Q: I have a knee cap that keeps flipping out to the side. My parents want me to wait until I'm an adult to have any surgery so my growth won't be stunted. My coach doesn't say as much but I think he wants me to get it fixed. What should I do?
A: The initial treatment for a patellar problem begins by decreasing the inflammation in the knee. If you haven't already tried rest and anti-inflammatory medications, such as aspirin or ibuprofen, this would be the first step. Conservative care of this type is especially recommended when the problem is coming from overuse.
Another possibility is Physical Therapy. The Physical Therapist can help in the early stages by using ultrasound to limit pain and swelling and teaching you how to do ice massage at home. As the pain and inflammation become controlled, your Physical Therapist will work with you to improve flexibility, strength, and muscle balance in the knee.
Bracing or taping the patella can help you do exercises and activities with less pain. Most braces for patellofemoral problems are made of soft fabric, such as cloth or neoprene. You slide them onto your knee like a sleeve. A small buttress pads the side of the patella to keep it lined up within the groove of the femur.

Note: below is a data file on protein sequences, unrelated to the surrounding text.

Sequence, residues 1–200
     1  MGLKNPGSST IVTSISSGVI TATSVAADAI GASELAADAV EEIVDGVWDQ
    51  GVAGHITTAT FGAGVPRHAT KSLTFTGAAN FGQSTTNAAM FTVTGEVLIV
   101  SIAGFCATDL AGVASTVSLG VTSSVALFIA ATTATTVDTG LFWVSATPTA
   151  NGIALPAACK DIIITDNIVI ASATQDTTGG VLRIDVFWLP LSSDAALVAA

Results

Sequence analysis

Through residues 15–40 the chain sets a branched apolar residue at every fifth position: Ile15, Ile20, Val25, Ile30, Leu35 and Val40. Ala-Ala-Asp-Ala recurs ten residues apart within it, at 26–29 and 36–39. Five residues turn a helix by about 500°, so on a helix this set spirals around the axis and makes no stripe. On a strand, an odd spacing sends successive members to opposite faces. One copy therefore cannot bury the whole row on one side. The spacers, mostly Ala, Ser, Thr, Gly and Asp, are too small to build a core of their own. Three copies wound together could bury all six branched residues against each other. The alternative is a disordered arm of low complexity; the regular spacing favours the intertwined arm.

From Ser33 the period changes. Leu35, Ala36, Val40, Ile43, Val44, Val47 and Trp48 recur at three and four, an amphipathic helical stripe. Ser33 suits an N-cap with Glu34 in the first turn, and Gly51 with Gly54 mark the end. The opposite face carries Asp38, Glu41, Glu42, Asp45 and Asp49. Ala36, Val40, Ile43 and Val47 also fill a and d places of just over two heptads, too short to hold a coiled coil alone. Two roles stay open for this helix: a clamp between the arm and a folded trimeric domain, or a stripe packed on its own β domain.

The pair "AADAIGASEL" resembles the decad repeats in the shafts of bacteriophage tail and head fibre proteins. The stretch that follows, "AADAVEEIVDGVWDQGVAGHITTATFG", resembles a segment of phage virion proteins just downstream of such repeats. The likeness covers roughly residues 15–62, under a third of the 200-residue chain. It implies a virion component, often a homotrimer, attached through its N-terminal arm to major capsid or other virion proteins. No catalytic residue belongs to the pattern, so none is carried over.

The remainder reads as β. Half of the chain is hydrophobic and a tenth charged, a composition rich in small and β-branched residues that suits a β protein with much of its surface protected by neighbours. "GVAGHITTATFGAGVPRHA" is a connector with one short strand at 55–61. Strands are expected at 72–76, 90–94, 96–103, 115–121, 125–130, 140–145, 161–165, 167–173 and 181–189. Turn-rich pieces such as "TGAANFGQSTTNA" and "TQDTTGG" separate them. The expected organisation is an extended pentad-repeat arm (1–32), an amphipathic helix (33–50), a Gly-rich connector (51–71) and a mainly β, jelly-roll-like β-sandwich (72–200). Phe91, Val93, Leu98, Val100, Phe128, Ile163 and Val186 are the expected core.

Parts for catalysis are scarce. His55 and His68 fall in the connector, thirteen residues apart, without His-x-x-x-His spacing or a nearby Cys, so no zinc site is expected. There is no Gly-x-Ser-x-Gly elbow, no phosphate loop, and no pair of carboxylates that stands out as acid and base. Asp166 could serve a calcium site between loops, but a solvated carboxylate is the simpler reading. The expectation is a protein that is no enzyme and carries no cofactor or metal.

An alternative to bracing is to tape the patella in place. The therapist applies and adjusts the tape over the knee to help realign the patella. The idea is that by bracing or taping the knee, the patella stays in better alignment within the femoral groove. This in turn is thought to improve the pull of the quadriceps muscle so that the patella stays lined up in the groove. Patients report less pain and improved function with these forms of treatment.
If all efforts to use nonoperative treatment techniques fail, then surgery may be an option. Some younger patients, especially athletes do wait until they have reached full skeletal maturity before having surgery. This is so the growth plate is not disturbed and thus avoiding a leg length difference.
There are some surgeries that do not require disruption of the growth areas. Your surgeon would be the best one to evaluate and advise you as to the best approach to this problem. Your age, bone maturity, and activity level will be taken into consideration. The surgeon will also assess your particular anatomy and other individual risk factors that might be present. Get all the information you can before making a final decision.
Reference: Jinzhong Zhao, MD, et al. Recurrent Patellar Dislocation in Adolescents. In The American Journal of Sports Medicine. January 2012. Vol. 40. No. 1. Pp. 123-132.
Peak Physical Therapy provides services for Physical Therapy in Waterbury.